Thursday, 22 May 2014

See Potala Palace

Arriving at Lhasa airport meant an immediate ascent for my body to 3,600m from 1,400m in Kathmandu. After the previous two weeks in India the first thing I noticed was the fresh clean air but even before that I was blindsided by a stunning view of the Himalayas from the plane. 
The hour bus ride to Lhasa from the airport also provided beautiful views of the mountainous region and valleys we drove through, I did not know what to expect but this was breathtaking, or was that the thin air?
The effects of altitude were not as immediately dramatic as I expected but still quite noticeable. I did not sleep at all the first night with a 12hr headache. I had to walk in slow motion for the first two days or I became dizzy and out of breath. Good thing I got a fourth floor room in the hotel with no elevator! 
The cleanliness and infrastructure were quite a pleasant change after India and Nepal but came with a conflicted feeling knowing they are due mainly to the heavily present Chinese big brother.  
The second day was spent doing a low physical impact tour of Jockhang temple and acclimating but not without some great distant views of what I came here to see.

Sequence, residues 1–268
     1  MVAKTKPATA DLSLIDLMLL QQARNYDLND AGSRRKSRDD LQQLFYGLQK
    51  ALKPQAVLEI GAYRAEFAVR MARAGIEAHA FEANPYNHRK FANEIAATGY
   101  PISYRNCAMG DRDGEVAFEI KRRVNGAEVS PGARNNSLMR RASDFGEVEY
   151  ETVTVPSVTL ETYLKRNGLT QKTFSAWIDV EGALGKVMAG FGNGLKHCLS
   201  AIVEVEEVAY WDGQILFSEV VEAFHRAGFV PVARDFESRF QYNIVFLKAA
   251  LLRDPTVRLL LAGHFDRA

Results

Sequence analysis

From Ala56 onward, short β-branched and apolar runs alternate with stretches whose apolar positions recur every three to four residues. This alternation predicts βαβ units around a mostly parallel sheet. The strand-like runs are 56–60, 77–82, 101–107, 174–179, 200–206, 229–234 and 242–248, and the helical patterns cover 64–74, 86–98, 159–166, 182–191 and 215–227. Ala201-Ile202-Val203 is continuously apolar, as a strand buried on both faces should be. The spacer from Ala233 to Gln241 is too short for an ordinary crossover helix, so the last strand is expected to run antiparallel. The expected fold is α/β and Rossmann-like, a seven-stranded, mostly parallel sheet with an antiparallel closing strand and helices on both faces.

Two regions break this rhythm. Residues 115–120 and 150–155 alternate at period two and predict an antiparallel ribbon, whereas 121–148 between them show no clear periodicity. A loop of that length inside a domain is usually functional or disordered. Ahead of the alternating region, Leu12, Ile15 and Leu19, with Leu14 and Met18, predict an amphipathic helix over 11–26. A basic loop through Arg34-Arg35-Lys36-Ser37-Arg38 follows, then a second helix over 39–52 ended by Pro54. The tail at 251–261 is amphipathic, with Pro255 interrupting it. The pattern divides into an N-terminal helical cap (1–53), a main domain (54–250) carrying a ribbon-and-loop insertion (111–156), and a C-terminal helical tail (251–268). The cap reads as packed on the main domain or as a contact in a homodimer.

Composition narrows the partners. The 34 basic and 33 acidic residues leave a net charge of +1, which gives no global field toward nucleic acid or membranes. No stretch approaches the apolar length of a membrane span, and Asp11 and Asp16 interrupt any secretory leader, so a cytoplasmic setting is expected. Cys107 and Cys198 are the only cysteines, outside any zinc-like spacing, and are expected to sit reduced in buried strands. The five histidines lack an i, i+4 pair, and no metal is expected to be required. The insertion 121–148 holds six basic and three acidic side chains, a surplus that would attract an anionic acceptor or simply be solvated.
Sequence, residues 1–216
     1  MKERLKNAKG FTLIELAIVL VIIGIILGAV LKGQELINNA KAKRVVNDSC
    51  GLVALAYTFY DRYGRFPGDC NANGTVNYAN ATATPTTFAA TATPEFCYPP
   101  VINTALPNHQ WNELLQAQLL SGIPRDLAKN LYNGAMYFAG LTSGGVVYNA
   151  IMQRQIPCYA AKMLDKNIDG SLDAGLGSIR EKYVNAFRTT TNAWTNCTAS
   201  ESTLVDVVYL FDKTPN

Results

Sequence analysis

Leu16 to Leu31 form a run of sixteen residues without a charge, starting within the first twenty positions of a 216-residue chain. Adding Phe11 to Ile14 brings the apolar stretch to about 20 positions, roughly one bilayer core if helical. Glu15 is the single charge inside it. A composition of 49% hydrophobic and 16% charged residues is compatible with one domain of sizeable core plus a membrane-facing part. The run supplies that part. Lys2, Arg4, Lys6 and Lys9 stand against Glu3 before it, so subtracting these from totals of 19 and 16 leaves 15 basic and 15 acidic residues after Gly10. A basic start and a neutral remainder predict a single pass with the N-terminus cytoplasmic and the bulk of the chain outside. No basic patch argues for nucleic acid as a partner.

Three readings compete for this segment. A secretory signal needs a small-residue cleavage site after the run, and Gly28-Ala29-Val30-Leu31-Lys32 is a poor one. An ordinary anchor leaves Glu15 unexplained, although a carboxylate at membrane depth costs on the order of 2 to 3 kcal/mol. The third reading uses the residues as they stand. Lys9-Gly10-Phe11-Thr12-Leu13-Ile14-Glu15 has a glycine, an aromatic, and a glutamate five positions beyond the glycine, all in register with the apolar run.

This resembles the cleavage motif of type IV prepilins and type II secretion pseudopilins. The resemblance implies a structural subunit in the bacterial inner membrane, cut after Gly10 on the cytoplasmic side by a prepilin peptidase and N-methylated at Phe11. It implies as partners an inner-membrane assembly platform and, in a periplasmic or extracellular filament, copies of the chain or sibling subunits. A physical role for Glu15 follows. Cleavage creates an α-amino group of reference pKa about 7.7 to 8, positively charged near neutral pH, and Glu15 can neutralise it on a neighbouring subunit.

Potala Palace was first built in the 7th century by King Gampo. It was expanded In the 17th century by the 5th Dali Lama to become the chief residence of the Dali Lamas but it was not completed until after his death. During the 1959 Tibetan uprising the 14th Dali Lama fled to India and has been in exile since. 

Like all iconic landmarks you see photos of them and have a good understanding of their significance but seeing them in person is another thing altogether and Potala is no exception, words and pictures cannot do justice to the grandeur. 
My ability to climb the steps to the top was a very real concern less than 48hrs after arriving, a real struggle but well worth it for the history and many elaborate rooms, tombs and temples within. 
I'm not exactly sure where my fascination with this building came from but I had wanted to see it and experience Tibet for many years, a journey well worth it and another Buddhist country I instantly felt a deep spiritual connection with.